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Philippines eyes two-wheel public transport after lockdown

Riding bikes, motorcycles seen as safer option to avoid contracting coronavirus

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Philippines eyes two-wheel public transport after lockdown

Commuters queue to ride the light rail transit system in Manila. (Photo: Jay Directo/AFP)

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Transport authorities in the Philippines say they will include bicycles and motorcycles as part of the country’s public transport system once Covid-19 lockdowns are lifted on May 15.

These modes of transport enable people to get around easily and better observe social distancing rules, a senior transport official said on May 6.   

“Bicycles and motorbikes will play an important role because our train system cannot handle all commuters due to social distancing rules. It is also safer to ride on bikes or motorcycles because people will naturally be distant from each other,” Assistant Transport Secretary Steve Pastor said.

City officials are preparing special bike lanes and stations along national highways for public safety, he said. Provinces outside Manila are already encouraging people to ride bikes to work.

Transport authorities said the two-wheel transport scheme seeks to head off a pending mass transit crisis in Manila when at least 110,000 people are allowed to return to work but must also abide by strict social distancing rules.

The transport department has warned commuters they could have to wait 2-3 hours before boarding a train due to thermal scanning and physical distancing rules.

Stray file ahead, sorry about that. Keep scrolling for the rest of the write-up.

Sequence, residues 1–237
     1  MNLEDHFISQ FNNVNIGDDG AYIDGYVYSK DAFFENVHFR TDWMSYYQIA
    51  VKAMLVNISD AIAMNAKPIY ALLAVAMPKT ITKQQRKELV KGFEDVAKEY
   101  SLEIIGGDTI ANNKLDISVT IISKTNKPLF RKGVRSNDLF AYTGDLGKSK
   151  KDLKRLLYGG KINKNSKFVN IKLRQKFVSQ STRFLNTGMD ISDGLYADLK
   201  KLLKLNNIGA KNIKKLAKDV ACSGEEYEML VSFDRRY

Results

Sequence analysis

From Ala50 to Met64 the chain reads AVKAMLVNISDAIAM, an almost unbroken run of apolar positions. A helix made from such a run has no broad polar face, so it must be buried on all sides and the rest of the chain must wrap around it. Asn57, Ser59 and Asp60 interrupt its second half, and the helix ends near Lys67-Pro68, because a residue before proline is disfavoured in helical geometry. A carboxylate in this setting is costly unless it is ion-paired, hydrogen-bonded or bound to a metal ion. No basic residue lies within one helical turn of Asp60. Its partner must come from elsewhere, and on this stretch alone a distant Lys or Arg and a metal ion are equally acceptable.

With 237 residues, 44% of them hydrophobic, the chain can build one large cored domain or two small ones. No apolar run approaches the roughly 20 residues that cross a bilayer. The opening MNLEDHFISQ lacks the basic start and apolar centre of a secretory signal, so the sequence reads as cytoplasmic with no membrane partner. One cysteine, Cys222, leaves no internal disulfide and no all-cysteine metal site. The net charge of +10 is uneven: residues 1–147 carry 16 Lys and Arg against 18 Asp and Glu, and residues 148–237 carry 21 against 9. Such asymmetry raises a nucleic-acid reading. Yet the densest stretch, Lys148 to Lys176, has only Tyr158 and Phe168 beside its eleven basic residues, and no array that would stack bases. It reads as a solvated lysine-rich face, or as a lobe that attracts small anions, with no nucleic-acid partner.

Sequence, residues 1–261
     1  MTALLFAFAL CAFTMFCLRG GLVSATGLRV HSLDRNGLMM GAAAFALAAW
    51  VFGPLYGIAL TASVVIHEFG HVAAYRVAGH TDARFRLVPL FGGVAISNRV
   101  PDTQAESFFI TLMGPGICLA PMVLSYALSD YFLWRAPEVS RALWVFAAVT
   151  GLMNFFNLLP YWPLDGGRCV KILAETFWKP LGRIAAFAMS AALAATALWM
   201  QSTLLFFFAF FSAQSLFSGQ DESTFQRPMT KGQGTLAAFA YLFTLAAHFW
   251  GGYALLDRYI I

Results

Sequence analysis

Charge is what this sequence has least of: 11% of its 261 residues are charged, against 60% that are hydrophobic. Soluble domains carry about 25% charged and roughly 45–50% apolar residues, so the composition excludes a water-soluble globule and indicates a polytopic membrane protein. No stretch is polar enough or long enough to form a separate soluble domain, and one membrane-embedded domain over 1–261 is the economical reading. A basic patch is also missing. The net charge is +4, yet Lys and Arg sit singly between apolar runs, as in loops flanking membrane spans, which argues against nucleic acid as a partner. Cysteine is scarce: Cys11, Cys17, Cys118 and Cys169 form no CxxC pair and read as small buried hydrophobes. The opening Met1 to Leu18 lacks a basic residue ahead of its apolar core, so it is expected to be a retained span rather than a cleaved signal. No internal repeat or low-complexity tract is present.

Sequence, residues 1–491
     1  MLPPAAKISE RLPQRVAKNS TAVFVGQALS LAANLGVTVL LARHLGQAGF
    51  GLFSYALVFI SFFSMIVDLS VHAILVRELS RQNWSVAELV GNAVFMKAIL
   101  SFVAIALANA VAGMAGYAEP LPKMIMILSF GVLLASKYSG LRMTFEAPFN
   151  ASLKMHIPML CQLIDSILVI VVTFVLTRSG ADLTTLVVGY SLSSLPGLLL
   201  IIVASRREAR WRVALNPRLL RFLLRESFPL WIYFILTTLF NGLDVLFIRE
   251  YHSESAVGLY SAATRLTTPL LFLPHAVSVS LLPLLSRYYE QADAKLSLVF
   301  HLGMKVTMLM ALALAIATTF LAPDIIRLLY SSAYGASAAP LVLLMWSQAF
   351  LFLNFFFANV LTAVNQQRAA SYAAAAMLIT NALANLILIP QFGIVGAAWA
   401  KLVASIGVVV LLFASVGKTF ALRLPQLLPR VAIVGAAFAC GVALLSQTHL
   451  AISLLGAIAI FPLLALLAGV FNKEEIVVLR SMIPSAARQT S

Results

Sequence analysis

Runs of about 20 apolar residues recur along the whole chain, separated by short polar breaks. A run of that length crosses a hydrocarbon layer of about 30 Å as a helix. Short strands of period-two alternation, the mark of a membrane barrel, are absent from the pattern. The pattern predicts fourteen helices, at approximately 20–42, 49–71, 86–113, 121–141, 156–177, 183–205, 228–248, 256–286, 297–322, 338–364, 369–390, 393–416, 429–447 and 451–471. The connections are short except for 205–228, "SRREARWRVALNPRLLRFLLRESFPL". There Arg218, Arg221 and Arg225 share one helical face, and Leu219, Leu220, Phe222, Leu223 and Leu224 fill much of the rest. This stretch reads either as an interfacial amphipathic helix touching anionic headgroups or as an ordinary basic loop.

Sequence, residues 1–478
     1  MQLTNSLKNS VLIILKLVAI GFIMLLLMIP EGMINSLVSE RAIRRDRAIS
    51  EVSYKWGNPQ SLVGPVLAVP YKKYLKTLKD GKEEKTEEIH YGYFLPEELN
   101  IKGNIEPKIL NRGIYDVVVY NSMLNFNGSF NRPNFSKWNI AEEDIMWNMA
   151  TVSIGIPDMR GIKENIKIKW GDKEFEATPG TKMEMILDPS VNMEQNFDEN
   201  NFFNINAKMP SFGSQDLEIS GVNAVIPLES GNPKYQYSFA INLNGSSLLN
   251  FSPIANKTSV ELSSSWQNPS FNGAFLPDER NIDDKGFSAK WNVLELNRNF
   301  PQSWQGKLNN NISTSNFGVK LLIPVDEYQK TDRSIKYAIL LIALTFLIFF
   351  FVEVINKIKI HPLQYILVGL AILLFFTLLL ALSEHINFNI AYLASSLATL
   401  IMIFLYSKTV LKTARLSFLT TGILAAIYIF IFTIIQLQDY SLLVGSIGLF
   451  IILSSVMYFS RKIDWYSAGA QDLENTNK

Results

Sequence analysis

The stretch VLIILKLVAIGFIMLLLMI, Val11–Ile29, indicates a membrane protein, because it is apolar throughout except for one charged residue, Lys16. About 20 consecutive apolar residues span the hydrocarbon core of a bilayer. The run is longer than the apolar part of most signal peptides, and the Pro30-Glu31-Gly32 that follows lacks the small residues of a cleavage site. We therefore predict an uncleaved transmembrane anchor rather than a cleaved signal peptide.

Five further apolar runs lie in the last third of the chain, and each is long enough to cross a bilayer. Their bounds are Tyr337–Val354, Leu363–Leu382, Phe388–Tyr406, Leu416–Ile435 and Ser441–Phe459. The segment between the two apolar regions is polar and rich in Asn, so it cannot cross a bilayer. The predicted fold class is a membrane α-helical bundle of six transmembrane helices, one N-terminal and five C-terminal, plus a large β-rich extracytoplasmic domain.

“We only have three rail systems in Manila. Even without Covid, train services cannot serve commuters adequately ... With all these social distancing rules, it is better to ride a motorbike to work,” said Danilo Verzosa, a daily commuter.

Meanwhile, Manila Archdiocese has released guidelines for religious services in all Manila churches.

One rule will be to have specific entry and exit points so that “people entering do not bump into people exiting.” All entrances and exits should also have footbath containers [with chlorine] and hand sanitizers.

There will also be a “sanitization ministry” whose job is to keep the church and altar vessels clean and virus free.

The archdiocese said the guidelines are necessary if services are to take place during this “extraordinary situation.”

As of May 6, the Philippines had recorded 10,004 Covid-19 cases with 658 deaths, according to government figures.

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